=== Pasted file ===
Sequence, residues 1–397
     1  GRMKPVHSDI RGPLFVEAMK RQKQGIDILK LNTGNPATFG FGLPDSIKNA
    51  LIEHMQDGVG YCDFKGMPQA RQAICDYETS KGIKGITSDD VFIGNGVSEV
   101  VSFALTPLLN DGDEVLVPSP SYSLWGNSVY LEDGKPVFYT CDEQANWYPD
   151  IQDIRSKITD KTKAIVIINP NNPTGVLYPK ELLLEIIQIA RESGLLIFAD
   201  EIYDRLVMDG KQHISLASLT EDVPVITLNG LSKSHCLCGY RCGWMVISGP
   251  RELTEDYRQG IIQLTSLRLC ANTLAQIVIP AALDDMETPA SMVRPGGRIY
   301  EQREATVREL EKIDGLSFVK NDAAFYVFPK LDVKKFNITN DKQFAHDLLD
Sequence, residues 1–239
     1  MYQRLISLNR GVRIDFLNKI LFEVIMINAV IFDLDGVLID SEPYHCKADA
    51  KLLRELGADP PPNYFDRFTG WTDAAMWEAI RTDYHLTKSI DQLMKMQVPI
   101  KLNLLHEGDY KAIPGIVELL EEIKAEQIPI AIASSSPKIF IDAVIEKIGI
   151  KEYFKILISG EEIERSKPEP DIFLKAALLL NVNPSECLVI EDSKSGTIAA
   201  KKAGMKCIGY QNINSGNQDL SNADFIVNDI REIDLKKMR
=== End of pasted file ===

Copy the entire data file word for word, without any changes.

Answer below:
Sequence, residues 1–397
     1  GRMKPVHSDI RGPLFVEAMK RQKQGIDILK LNTGNPATFG FGLPDSIKNA
    51  LIEHMQDGVG YCDFKGMPQA RQAICDYETS KGIKGITSDD VFIGNGVSEV
   101  VSFALTPLLN DGDEVLVPSP SYSLWGNSVY LEDGKPVFYT CDEQANWYPD
   151  IQDIRSKITD KTKAIVIINP NNPTGVLYPK ELLLEIIQIA RESGLLIFAD
   201  EIYDRLVMDG KQHISLASLT EDVPVITLNG LSKSHCLCGY RCGWMVISGP
   251  RELTEDYRQG IIQLTSLRLC ANTLAQIVIP AALDDMETPA SMVRPGGRIY
   301  EQREATVREL EKIDGLSFVK NDAAFYVFPK LDVKKFNITN DKQFAHDLLD
Sequence, residues 1–239
     1  MYQRLISLNR GVRIDFLNKI LFEVIMINAV IFDLDGVLID SEPYHCKADA
    51  KLLRELGADP PPNYFDRFTG WTDAAMWEAI RTDYHLTKSI DQLMKMQVPI
   101  KLNLLHEGDY KAIPGIVELL EEIKAEQIPI AIASSSPKIF IDAVIEKIGI
   151  KEYFKILISG EEIERSKPEP DIFLKAALLL NVNPSECLVI EDSKSGTIAA
   201  KKAGMKCIGY QNINSGNQDL SNADFIVNDI REIDLKKMR